March is Creative Art Therapy month nationwide.
Creative arts therapies have been practiced
in the United States for over 50 years to benefit people of all ages
and various physical and emotional life challenges.
This practice emphasizes the process of self-awareness that takes place
during therapy and includes art therapy,
dance/movement therapy, drama therapy, music therapy,
poetry therapy, and psychodrama.

When I drove to the studio to deliver my painting, I had a peculiar drive in our Peculiar PDX. As I approached the freeway entrance ramp, I saw a man crossing the street in my direction. He was in the blackest black suit, wearing the blackest black fedora with a blood red sash, holding a black-ety-black umbrella straight up with such precision it looked mechanical. He was accessorized with a red tie and red gloves. He walked steadily and straight as an arrow, diagonally across the street and the entrance ramp, without so much as looking up or down the street. So eerie, so strange. I have concluded that I witnessed a glitch in The Matrix. Or that I live in Portland.

I wish I could put a bird on his umbrella. Then he’d be performance art.

Mere minutes later when I pulled up to a bottleneck situation on the Morrison Bridge. When the hazard lights came into view, I could see the hold up was caused by a school bus who had pulled as far out of the lane as possible, but it still reduced the Northbound I-5 traffic into one and a half lanes. Tough place for a bus to break down. It wasn’t until I was passing it that I realized it was a short bus! There’s no good place for a short bus to break down.*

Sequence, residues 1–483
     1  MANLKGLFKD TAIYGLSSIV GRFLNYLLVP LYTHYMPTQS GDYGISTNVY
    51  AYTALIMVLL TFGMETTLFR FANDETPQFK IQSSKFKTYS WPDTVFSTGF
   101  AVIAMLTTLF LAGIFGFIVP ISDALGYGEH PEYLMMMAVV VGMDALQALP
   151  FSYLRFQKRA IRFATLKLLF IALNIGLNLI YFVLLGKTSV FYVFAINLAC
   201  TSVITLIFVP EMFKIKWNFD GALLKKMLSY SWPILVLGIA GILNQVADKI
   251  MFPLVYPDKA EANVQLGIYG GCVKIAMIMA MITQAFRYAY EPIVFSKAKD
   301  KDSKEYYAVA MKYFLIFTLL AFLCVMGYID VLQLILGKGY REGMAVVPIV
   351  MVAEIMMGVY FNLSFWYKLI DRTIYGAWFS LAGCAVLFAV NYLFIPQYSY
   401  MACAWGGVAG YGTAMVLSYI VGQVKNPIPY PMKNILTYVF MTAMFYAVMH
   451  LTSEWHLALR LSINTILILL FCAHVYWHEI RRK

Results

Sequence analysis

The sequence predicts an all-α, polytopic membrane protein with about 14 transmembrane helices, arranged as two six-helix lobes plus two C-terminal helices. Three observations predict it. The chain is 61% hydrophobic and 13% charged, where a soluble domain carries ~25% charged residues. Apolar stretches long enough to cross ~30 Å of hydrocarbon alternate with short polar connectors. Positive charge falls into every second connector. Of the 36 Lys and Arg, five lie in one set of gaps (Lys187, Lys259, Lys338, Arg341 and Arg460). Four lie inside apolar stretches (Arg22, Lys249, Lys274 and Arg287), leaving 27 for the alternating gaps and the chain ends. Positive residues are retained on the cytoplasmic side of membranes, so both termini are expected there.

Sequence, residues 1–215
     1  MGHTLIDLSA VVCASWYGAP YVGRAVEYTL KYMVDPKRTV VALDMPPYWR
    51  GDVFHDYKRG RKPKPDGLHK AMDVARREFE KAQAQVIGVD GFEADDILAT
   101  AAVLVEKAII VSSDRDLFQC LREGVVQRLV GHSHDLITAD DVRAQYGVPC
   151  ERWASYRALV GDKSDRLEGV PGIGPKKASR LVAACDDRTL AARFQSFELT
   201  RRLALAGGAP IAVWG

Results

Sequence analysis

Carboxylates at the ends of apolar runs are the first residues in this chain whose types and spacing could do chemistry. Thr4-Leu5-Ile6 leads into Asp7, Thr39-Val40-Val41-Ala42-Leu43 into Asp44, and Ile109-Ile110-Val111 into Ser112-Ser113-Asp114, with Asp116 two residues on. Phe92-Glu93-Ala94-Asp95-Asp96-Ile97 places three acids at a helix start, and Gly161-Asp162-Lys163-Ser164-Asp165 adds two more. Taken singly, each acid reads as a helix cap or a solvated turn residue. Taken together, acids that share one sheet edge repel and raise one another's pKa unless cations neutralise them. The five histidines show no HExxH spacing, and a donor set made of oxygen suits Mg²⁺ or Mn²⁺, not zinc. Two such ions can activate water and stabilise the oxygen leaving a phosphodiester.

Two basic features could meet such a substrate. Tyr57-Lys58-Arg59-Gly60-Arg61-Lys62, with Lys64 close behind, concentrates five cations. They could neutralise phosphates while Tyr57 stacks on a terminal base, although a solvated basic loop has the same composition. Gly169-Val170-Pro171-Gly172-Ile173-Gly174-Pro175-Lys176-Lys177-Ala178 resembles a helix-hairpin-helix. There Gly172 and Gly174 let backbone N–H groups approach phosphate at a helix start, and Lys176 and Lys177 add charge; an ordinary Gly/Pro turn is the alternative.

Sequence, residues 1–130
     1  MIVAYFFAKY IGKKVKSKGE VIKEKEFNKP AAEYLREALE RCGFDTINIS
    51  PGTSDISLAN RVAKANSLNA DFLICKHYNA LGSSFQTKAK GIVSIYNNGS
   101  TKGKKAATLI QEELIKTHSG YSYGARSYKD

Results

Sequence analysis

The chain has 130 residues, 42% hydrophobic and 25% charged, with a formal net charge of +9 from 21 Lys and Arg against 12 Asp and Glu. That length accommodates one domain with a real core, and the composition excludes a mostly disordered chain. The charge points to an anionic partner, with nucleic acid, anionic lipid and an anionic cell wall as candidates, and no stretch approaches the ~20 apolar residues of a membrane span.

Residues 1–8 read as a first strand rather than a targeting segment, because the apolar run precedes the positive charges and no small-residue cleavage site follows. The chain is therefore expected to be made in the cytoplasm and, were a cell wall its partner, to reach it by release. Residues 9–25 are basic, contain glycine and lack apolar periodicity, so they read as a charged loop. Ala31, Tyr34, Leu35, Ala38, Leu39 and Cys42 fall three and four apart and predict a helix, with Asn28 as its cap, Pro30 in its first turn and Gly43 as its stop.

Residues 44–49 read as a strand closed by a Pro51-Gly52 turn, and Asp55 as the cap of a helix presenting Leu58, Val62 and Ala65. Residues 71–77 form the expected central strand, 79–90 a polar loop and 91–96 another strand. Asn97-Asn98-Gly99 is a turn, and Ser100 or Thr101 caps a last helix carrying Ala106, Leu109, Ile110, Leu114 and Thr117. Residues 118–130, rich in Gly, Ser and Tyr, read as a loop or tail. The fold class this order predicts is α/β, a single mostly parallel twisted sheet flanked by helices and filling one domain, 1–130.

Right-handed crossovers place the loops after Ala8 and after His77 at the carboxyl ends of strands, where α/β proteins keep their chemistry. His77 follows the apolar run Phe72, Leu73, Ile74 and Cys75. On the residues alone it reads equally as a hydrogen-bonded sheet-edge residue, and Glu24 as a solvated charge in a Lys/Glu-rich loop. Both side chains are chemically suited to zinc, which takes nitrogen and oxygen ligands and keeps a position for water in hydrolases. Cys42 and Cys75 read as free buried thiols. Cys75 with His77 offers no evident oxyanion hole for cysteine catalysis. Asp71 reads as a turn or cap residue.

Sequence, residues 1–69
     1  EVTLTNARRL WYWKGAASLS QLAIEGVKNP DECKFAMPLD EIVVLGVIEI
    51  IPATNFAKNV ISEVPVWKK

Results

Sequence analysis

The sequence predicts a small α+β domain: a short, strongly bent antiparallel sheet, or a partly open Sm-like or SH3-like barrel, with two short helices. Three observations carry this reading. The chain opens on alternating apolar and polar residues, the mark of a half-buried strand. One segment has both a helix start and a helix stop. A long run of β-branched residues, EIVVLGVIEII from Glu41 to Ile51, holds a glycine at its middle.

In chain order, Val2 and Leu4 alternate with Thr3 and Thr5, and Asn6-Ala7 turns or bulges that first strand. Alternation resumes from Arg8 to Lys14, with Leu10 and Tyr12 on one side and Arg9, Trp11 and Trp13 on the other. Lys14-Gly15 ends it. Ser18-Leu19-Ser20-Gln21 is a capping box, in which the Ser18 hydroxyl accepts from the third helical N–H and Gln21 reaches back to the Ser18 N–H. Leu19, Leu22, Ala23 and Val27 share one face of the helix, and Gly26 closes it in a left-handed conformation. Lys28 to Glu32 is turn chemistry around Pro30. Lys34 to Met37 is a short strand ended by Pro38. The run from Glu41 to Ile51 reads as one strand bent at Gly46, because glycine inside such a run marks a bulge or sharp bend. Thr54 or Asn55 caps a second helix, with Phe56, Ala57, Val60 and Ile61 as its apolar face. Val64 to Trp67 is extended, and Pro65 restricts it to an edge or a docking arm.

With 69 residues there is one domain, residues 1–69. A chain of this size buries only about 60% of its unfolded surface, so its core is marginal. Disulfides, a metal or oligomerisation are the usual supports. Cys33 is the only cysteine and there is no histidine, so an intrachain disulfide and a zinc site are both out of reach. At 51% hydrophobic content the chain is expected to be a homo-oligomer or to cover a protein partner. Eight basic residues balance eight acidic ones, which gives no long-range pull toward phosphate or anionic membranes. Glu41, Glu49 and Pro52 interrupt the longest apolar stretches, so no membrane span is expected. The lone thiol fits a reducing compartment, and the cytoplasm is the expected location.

Sadly, it was not this bus.

Wish I could put a bird on it, then it would be public art.

I will shortly have pictures to share from the gallery, and I have some thoughts to share that have been forming in the week that I spent substituting in a high school Biology class. One big difference between high schoolers and the shorter ones is that high school students get excited to talk about coffee, tattoos, and my pearls of wisdom on the parenting habits of kangaroos and the evolutionary connections between wolves and whales.

That’s what you have to look forward to! Happy Friday, I hope your weekend is better than the weather around here. I had a daisy bloom in my kitchen window pot, just in time for several days of snow. It was a very confused daisy.

*There were no kids left on the bus, but for comedic purposes let’s envision the students eating the seats.